My Gamescom 2016 experience started out with a trip to see UK-based development studio Rebellions shooter – Sniper Elite 4. The latest installment in the popular series feels familiar to that of previous titles, which in my opinion is a good thing. Sniper Elite is a formula that works quite well and shouldn’t be altered too much. The first noticeable thing with Sniper Elite 4 are its graphics, they have been massively improved when compared to Sniper Elite 3, with Rebellion opting to cease development for the previous generation consoles in order to focus on Xbox One, PS4 and PC. Accuracy in-game has also been greatly improved with shooting an enemy corresponding better with the games iconic Killcam.
Sniper Elite 4‘s AI has also been majorly improved, reacting far more realistically now to what is going on around them. The games new additions include airstrikes. After being detected by the enemy, players that decide to remain in the same place for too long will find that enemy calling in an airstrike on them, which then proceeds to rain down hell on your position. Sniper Elite 4 will also be much bigger than its predecessor, with Rebellion’s product manager Sean Labode informing me that the demo level I got time with was impossible to complete in under an hour.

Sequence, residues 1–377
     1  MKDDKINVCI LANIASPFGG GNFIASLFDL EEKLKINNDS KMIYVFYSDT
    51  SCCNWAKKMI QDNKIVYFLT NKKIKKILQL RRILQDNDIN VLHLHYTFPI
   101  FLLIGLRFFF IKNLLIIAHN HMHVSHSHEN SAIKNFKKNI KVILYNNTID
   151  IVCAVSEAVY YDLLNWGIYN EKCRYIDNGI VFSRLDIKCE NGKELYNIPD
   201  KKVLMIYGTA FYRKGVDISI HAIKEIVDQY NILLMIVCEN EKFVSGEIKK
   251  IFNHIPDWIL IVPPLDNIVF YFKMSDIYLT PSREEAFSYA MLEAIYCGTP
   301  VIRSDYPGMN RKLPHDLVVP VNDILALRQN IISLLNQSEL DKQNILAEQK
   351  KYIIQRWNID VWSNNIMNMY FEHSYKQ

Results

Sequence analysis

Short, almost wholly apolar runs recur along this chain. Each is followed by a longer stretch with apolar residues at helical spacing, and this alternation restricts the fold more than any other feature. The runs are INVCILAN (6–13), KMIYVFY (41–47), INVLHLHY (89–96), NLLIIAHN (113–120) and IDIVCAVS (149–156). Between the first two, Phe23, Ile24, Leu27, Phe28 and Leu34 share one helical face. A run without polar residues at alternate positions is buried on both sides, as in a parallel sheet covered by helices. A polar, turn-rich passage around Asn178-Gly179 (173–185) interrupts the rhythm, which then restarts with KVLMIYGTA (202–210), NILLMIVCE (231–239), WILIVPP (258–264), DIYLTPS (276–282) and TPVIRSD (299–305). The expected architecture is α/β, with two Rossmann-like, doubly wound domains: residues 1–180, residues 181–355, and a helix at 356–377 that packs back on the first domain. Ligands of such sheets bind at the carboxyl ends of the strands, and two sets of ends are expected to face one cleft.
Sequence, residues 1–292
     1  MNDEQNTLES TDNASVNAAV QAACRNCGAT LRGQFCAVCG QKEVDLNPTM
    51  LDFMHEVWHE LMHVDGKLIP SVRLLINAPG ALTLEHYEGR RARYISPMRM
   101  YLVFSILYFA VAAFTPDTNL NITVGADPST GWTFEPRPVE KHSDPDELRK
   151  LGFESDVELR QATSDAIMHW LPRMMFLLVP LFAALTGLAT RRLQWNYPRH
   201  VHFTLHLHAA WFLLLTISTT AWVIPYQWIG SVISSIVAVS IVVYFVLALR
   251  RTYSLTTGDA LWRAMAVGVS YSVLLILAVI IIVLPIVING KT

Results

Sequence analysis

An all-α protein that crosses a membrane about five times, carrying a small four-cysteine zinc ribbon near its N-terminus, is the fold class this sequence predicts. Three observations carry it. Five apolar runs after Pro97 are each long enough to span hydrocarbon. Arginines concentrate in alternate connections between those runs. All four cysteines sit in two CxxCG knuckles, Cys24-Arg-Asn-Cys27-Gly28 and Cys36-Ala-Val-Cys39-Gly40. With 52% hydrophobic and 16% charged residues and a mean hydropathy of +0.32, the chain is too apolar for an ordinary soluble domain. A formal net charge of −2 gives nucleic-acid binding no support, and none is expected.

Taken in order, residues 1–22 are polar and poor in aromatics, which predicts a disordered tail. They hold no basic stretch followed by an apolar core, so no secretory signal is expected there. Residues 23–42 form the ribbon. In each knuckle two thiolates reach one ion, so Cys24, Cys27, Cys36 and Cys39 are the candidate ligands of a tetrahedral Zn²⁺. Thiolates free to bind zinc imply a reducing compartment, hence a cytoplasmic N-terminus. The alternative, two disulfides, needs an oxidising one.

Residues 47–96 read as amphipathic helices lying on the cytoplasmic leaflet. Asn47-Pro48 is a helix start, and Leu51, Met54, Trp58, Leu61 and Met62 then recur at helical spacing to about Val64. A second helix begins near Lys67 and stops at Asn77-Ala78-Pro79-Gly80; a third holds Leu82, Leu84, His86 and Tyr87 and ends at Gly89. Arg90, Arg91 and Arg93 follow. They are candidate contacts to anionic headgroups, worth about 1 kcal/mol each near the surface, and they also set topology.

Next up, I met with Techland Publishing, who introduced me to a presentation of Torment: Tides of Numenera, an RPG blend of fantasy, science fiction and action, with a massive immersive world where everything and everyone has a story to tell. In Torment: Tides of Numenera, everything the player says or does will have consequences on how the story unfolds. Developed by inXile Entertainment, the studio behind Bards Tale and Wasteland 2, Tides of Numenera also has something that not many games these days offer… a GAME OVER! screen. The game is not shy about throwing players in at the deep and there is minimal to no hand holding, players can encounter a GAME OVER screen within the first 10 minutes of playing the game, however, whilst Torment: Tides of Numenera indeed features a GAME OVER screen, the reality of it is that death merely results in the player respawning in a different place to the original spawn, they’re toiling with us! Anyway, Torment: Tides of Numenera is the thematic follow-up to Planescape: Torment, which in all fairness I haven’t played myself but I will be sure to keep a close eye its development.
After that, it was onto the EA business lounge, where I was given a presentation of DICE’s hotly anticipated shooter, Battlefield 1, the short presentation showcased one of Battlefield‘s more solid core modes – Rush. After the presentation, I got to jump into the battlefield first hand to experience Rush Mode across the Sinai Desert, a map that features an enormous player controlled train, by far and away the biggest player controlled vehicle the Battlefield series has ever seen, it’s HUGE!!!.